Budgets: The Financial Crystal Ball
It’s that time of year again. The kids are back to school. Baseball season is winding down, and football season is well underway. The days are getting shorter, and there’s a chill in the air. This can only mean that we are in the midst of what some people call their least favorite season. . .
For some companies, budget season begins much earlier in the year. For those fortunate few, the finishing touches are now nearly complete. For others, the process has not yet begun. Still others – for a variety of reasons – don’t even do a budget.
For purposes of our discussion, we’re going to use the terms budget, forecast and projection interchangeably – although in practice they have different meanings.
Approximately 80% of the businesses we work with do not use a budget at the time we begin working together. Nearly 100% of these businesses acknowledge that they should have a budget; that they’ve wanted a budget for quite some time, but they really don’t know how to go about it or don’t have anyone on staff who’s capable of putting it together. Or they don’t have the time.
There’s also a small percentage who think that budgets or projections are a waste of time because their business is “different”, usually because their revenue is difficult to predict.
How will you know?
If you don’t even attempt to look ahead and determine what is likely to happen next month, next quarter, next year. . . how will you know if it’s acceptable or unacceptable? How will you know if you’re facing a potential crisis because of lack of revenue. . . or a potential crisis because of lack of resources? If you don’t bother to look, how will you know what you should do to change direction?
Doug Hicks, a colleague and a recognized expert in ABC (Activity Based Costing) implementations often says “I’d rather be mostly right, that precisely wrong” when discussing projections. In other words, you don’t need to spend excessive time trying to get an exact, precise number because any number you settle on is going to be wrong. However, if you spend time getting the underlying assumptions reasonably correct, your projections should be in the ballpark. There is virtually no chance of predicting precisely what your revenue is going to be next month, let alone six months from now. But you probably have a good chance of predicting it within a certain range. From there you can do “what if” analysis and plan accordingly.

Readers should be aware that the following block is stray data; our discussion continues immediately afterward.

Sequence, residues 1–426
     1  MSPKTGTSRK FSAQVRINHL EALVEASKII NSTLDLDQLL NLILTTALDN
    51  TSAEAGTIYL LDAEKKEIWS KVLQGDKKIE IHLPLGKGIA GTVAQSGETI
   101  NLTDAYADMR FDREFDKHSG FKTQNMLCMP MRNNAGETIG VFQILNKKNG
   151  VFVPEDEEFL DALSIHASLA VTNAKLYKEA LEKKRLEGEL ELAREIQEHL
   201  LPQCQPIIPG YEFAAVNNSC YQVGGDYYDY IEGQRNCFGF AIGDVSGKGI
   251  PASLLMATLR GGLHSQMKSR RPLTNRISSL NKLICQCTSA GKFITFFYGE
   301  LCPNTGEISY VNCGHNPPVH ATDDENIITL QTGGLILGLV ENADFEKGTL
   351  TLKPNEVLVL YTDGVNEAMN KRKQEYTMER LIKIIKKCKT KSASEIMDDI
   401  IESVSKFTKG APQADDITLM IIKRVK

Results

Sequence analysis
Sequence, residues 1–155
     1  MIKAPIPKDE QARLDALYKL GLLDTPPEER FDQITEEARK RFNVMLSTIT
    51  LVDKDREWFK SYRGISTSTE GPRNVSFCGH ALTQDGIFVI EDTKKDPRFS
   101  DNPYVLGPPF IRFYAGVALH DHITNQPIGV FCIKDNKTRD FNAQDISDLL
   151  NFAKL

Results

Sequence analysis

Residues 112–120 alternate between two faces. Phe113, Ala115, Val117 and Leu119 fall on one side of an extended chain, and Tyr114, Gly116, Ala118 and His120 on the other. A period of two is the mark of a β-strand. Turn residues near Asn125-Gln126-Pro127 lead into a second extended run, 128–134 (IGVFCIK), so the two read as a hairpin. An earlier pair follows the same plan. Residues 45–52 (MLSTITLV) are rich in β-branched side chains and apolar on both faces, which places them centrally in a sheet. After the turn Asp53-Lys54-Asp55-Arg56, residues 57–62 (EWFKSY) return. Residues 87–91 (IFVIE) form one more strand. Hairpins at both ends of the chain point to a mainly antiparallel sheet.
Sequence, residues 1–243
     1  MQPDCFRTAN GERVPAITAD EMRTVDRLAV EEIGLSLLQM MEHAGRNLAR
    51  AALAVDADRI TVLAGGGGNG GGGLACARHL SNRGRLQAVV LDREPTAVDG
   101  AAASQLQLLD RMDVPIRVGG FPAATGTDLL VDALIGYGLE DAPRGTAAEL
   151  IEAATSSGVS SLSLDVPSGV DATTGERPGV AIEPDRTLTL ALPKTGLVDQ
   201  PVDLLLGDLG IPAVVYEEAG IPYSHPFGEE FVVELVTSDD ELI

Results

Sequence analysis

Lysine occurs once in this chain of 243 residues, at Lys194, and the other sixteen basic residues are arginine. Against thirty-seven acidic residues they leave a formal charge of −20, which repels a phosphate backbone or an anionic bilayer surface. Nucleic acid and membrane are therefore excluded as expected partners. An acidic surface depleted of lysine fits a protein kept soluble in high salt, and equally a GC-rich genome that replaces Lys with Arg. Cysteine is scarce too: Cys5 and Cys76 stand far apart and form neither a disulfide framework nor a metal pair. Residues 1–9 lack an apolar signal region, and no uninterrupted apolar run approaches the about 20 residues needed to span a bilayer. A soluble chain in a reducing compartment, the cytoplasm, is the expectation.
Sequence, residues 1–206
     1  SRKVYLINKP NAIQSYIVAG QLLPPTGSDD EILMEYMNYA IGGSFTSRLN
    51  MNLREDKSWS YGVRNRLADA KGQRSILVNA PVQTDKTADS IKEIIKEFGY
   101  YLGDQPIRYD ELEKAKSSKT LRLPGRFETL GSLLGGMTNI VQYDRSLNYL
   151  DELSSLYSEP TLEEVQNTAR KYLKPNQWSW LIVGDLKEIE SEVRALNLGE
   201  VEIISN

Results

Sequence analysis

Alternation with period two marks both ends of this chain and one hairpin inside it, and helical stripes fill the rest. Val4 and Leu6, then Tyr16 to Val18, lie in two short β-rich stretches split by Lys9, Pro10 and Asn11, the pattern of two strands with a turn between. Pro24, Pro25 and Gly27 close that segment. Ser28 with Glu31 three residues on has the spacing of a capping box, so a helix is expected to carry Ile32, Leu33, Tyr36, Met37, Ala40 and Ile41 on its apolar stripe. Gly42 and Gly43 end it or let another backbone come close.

A good start - but not enough
We’ve all heard the expression “Cash is King”. Unfortunately, unless you use the cash method of accounting (as opposed to the accrual method) the P&L doesn’t tell you much about the company’s cash flow. The balance sheet and cash flow statements are needed.
Many business owners don’t have a good grasp of what the balance sheet or cash flow statements are telling them, so there may be reluctance to spend time creating projections for these statements that no one pays much attention to. But with a few minutes of training & explanation, the statements will become relevant and helpful.
Our guess is that less than 10% of small companies that actually do projections incorporate a balance sheet and cash flow statement. Why? Because it’s difficult. It requires assumptions, and it’s subjective. Not as scientific as a P&L. So it’s skipped.
Is Cash really King?
Going the extra mile and completing the projected Balance Sheet & Cash Flow Statement will help to answer important questions about cash flow, such as:
- Can we afford to buy this piece of equipment? Expand the Building? Launch this new product?
- Will we have enough cash for bonuses/tax payments/debt service?
- Should we request a larger line of credit?
- Will we have sufficient collateral, or be out of formula on our line of credit?
- Should we request progress payments from customers?
These are critical questions that should be tied in with the P&L projections to ensure all the numbers are linked together and that any changes in assumptions automatically roll through all the statements.
When a banker asks a business for financial projections, they are driving at one issue: Is the business going to generate sufficient cash to repay its debt? In order to answer this question, a projected Balance Sheet and Cash Flow Statement are necessary. If this information is important to the banker, it ought to be important to the business owner as well.
We have seen clients make dramatic improvements in their businesses simply by managing the business with an appropriate budgeting tool. When the data is in front of you, you have the ability to make critical decisions and impact the future. It’s tangible. Alternatively, when the projection data is bouncing around in your head, it’s competing with too many other things and is not organized for decision making. Similar to goal setting, the key is to write it down, and manage it.
Commit to using budgets & projections as a management tool in your business. . . and watch the forecast become reality.